2005- 2020 – Articles about Gena Branscombe published in various music journals. 


CDs released with music of Gena Branscombe:

1996 – “Le Souvenir” – Art Songs

1999 – “By a Canadian Lady” – Piano Music 1841-1997

2005 – “Wishing You and I Were Young Maggie” – Art Songs

2008 -  “Remembered Voices” – Violin Sonata in A Minor

2017 – “Nasty Women” – Piano pieces

2018 - “American Romantics III” – Orchestral work


Lecture Recitals given in Asbury Park, NJ, Library of Congress - Washington, DC, Indiana University, Indiana, PA, Guildford, VT, St. Louis, MO, University of Maryland, College Park, MD, and more.

2018 - Copying Gena Branscombe’s “Pilgrims of Destiny” original conductor’s at the Library of Congress.  Entering the score note by note into FINALE to create a usable conductor’s score for performance..

2019- Dan Ryan conducts the first performance of “Pilgrims of Destiny” in the 21st century at Clark University in Worcester, MA.  First performance of the work in 79 years.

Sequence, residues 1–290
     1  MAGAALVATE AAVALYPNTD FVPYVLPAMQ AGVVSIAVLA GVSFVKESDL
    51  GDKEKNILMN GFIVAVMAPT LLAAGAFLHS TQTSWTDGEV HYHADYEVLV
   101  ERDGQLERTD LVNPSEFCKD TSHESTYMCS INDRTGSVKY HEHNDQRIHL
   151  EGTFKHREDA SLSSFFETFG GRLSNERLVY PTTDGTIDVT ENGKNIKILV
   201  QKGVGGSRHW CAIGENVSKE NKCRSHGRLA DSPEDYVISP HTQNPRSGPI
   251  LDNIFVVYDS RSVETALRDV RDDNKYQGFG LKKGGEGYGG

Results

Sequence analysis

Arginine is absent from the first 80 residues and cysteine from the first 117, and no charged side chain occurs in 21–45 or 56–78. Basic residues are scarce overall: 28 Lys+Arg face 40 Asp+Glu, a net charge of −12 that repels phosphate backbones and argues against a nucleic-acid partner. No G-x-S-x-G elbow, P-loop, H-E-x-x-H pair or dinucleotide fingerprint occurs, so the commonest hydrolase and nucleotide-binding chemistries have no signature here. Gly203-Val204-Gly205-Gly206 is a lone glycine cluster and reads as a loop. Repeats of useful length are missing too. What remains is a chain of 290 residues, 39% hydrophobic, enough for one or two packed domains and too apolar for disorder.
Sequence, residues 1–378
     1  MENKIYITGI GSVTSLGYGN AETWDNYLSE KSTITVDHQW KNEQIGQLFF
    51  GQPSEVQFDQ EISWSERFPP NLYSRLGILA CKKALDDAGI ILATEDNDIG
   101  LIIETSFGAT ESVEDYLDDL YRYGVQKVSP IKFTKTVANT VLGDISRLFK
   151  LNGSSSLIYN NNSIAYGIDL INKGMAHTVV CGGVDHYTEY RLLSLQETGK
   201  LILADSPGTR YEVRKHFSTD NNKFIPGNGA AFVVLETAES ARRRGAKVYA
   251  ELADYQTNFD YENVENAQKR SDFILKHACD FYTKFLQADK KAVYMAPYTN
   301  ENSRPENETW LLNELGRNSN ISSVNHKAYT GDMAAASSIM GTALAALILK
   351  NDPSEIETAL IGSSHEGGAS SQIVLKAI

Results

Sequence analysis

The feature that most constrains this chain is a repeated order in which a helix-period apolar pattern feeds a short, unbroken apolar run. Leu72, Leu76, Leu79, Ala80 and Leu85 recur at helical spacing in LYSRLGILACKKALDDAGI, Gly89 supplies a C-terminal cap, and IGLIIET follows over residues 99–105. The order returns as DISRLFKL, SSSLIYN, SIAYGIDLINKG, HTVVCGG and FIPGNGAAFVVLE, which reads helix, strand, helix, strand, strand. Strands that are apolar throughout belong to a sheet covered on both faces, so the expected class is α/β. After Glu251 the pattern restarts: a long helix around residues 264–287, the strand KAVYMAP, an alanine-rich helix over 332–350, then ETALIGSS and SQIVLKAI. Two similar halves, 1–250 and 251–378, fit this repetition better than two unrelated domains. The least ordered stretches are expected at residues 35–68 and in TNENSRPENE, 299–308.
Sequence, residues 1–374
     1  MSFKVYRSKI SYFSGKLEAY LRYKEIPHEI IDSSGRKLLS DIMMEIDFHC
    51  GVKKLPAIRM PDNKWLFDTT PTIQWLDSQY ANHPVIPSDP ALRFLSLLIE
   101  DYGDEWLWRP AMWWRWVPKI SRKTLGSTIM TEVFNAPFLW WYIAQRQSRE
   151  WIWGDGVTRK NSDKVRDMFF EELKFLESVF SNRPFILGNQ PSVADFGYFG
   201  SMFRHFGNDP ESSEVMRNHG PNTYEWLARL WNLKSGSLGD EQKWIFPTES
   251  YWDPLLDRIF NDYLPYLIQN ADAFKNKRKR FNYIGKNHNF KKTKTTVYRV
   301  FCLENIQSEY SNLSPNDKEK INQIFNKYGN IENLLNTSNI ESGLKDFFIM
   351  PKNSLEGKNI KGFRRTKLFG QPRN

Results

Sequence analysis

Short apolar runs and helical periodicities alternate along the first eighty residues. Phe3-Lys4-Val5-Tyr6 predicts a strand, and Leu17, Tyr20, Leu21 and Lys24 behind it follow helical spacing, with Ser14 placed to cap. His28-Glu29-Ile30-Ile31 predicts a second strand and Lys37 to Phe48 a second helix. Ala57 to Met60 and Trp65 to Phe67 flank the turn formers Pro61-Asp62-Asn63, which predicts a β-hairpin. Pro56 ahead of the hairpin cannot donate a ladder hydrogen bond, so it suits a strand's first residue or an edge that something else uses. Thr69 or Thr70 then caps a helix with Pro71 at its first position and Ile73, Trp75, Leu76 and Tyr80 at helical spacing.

2019 – Dan Ryan and Kathleen inaugurate The Gena Branscombe Project and a Board is formed with Dan, Kathleen, Sydney Pepper and Regan Russell. Website and Facebook pages created.  YouTube channel started.  Fund raising begins to make possible the awarding of scholarships.

2020 – 2023 – The Gena Branscombe Project awards scholarships to up and coming student composers, conductors and arts administrators.  An art song commission is awarded.

2022 – Gena Branscombe Scholarship winner Damali Willingham arranges Gena’s orchestral work, “Festival Prelude” for wind ensemble and conducts the work at the Berklee College of Music. 

2022 – The Gena Branscombe Project sponsors its first concert – “Bringing Back Branscombe” at Colleges of the Fenway in Boston.  Art song premiered composed by our art song commission winner.

2022 – Dr. Regan Russell defends her doctoral dissertation, “Love in a Life: The Art Songs of Gena Branscombe” at Boston University.

2022-2023 – Speeches presented – “Bringing Back Branscombe to the National League of American Pen Women.”

2023 – The Ladies Speak podcast features composer Gena Branscombe with Kathleen Shimeta as narrator.